Well, it's official. In inking Carlos Gonzalez to a 7 year, $80 million extension, the Rockies have now committed over $36 million per year to the 2015-2017 payrolls to just two players. Colorado will need to fill out the roster with mostly pre-arbitration players to compensate for these huge salaries. For better or worse, the Rockies are placing their bets on the futures of Gonzalez and Troy Tulowitzki and there's no going back now. Not that it's necessarily such a bad thing to lock in salaries now for young star players at premium positions. In fact, I think that it's swell. It's a great feeling to know that two excellent players will be playing their home games at Coors for several years.
Last week when I broke down the proposed CarGo deal, I was pretty optimistic with my projection of his abilities, writing that he would rack up 38 WAR over the life of the deal. I'm comfortable with that being within the realm of possibility (and to be honest, CarGo's career is too young to rule out an even higher total) given his age and athleticism, but the realistic value CarGo might provide Colorado may be closer to the 30 WAR value that RG has floated. In either case, he'll be a bargain for the Rockies. In fact, even if you assume that inflation doesn't strike player salaries in the next seven years (and it will, mark my words), Gonzalez will only need to be a 3 win player over the life of his deal to be worth the contract. And that's not factoring in the additional revenue that the Tulo/CarGo commitments will bring in from increased attendance and merchandising figures.
Per Troy Renck through Venezuelan journalist Augusto Cardenas, here's the yearly breakdown of the deal:
$1 million in 2011, $5 million in ’12; $7.5 million in ’13, $10.5 million in ’14, $16 million in ’15; $17 million in ’16 and $20 million in ’17
Add in the signing bonus of $3 million that Gonzalez receives, and you've got $80 million. This deal is a little different than the one that was hinted at (and the one I broke down last week) in that the contract is much less backloaded toward his free agent years. This in effect reduces the bargain the Rockies are getting through Gonzalez's arbitration years -- whereas in the previous scenario I had CarGo getting paid $20M over the contract's first four years, he'll be getting $27 million over the period in the actual deal -- but it makes CarGo's bought-out free agency years less expensive.
Over this time period, the Rockies are expecting about 3 wins per season from Gonzalez (on a 20/40/60/80 modified arb scale) as a sort of a break-even point. Thereafter, the expectation for Gonzalez remains between 3 and 4 WAR per season due to the reduced free agent year costs. When you consider that inflation will almost certainly raise the market cost of a win in free agency, the performance expectations the Rockies have for Gonzalez to at least break even on the deal are lowered even further toward 2.5 wins. If Gonzalez performs like a star, as I believe he will, this contract will be a fantastic one for Colorado (and pretty great for the player too).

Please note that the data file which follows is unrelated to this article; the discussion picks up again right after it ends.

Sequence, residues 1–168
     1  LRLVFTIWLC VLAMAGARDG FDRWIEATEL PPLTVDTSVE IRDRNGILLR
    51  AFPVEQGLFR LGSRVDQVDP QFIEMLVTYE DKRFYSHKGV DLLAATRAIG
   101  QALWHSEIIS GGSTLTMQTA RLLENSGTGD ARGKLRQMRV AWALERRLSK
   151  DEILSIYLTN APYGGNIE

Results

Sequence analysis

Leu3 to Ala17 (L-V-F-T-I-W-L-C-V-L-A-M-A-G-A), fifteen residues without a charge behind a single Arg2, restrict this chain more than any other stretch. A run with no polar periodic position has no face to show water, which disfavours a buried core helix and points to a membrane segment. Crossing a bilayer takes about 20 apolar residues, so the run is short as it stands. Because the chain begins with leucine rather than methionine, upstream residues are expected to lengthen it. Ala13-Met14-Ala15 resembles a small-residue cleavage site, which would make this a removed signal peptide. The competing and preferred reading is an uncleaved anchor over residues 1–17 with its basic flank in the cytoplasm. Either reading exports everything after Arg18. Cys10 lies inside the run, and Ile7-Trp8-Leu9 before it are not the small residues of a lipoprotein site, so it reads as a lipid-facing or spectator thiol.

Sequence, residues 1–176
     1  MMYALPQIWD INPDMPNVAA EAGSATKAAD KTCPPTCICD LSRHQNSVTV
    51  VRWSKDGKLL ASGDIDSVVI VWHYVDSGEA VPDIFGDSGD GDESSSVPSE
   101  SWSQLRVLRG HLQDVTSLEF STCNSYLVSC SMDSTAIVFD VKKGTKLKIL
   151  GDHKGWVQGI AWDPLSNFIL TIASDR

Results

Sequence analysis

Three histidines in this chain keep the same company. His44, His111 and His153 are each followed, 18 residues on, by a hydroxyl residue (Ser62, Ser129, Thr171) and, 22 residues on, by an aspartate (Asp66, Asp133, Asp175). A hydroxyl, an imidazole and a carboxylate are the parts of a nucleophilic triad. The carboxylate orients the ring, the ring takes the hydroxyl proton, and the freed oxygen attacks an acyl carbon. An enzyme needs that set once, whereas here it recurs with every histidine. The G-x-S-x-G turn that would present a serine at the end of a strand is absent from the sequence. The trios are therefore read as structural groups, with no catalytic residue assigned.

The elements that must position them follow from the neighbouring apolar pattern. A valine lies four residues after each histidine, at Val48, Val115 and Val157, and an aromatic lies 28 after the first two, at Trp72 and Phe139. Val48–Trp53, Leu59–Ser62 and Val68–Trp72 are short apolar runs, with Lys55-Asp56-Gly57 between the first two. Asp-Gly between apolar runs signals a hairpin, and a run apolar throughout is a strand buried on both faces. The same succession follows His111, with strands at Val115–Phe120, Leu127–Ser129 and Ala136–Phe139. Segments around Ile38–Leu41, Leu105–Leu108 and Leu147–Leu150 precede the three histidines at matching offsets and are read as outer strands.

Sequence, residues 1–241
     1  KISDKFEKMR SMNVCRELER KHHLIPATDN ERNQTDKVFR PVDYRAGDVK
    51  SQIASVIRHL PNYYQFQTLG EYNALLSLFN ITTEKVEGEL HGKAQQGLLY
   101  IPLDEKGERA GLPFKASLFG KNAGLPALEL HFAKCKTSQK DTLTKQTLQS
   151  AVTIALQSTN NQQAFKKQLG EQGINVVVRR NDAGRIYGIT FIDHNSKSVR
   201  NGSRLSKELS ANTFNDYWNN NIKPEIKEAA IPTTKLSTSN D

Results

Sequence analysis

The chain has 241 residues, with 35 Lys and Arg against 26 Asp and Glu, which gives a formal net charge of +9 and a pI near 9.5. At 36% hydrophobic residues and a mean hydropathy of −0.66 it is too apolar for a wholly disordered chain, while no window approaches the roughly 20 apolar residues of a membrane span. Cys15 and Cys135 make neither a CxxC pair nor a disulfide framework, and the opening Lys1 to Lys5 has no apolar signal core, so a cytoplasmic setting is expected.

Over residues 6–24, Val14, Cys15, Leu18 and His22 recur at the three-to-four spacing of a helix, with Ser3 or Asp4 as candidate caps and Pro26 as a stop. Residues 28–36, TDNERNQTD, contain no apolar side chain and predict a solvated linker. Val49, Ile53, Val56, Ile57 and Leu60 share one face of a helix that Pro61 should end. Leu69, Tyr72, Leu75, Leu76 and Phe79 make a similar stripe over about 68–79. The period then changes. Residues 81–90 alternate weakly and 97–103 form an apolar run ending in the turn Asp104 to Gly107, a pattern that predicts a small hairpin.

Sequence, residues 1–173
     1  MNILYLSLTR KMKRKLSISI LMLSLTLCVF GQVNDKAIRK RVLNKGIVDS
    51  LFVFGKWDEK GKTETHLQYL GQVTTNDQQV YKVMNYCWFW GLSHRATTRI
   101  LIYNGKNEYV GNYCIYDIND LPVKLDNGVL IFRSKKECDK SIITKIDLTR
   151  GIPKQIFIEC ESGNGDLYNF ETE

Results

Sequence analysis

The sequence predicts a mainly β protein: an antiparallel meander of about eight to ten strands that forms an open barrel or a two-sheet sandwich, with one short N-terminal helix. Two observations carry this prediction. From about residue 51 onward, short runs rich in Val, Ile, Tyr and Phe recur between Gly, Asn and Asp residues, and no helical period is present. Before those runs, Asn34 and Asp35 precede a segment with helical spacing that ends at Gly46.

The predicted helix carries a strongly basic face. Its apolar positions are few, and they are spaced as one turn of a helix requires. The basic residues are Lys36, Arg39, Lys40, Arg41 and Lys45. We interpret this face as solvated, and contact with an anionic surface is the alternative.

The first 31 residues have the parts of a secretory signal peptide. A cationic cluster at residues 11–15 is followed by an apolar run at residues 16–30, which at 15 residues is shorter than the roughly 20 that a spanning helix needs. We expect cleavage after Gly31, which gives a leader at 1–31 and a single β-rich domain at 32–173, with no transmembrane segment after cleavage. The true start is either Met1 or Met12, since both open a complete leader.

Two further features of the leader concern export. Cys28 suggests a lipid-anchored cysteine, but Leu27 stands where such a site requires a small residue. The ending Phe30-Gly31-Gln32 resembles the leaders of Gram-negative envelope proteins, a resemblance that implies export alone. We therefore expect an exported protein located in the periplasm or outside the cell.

With this deal CarGo showed that he is dedicated to Denver, Renck writes. It sure look like the feeling is reciprocated by the Rockies.
More links and commentary after the fold.
Jeff Zimmerman at FanGraphs breaks down the payroll data of all 30 MLB teams by the % of payroll that was paid to injured players in 2010. According to Zimmerman, Colorado lost $17.2 million, or 20.4% of their payroll, to the disabled list last year. That's the eighth-highest number in total salary and the fourth-highest percentage lost, confirming the perception many Rockies had that the 2010 team suffered quite a few injuries.
Justin Bopp at Beyond the Boxscore has a super graphic displaying the offensive prowess of CarGo at Coors in 2010 using a colorful spray chart.
Now that John Sickels of Minor League Ball has graded all 30 teams' farm systems, reader dougdirt has compiled his rankings into a nifty chart (explaining the methodology in the post preceding it). According to Sickels, the Rockies have the 10th best system in terms of expected value at $122.5 million. Specifically though, Sickels is bullish on Colorado's pitching prospects, expecting the12 prospects he gave letter grades to provide about $79.4 million in value, which is 6th in MLB.
Grant at McCovey Chronicles reviews the Rockies' offseason. It's pretty humorous, as always, but also paints a pretty accurate picture of the offseason that was for Colorado.
Finally, this 2011 rookie preview from SI might be the most out of touch/inaccurate piece I've ever seen written on a mainstream website. Tyler Matzek in Colorado's rotation this year? Really? And it's not just Matzek. This guy sees 19 year old Martin Perez making Texas' roster and 20 year old Mike Trout patrolling the Angels' outfield this year.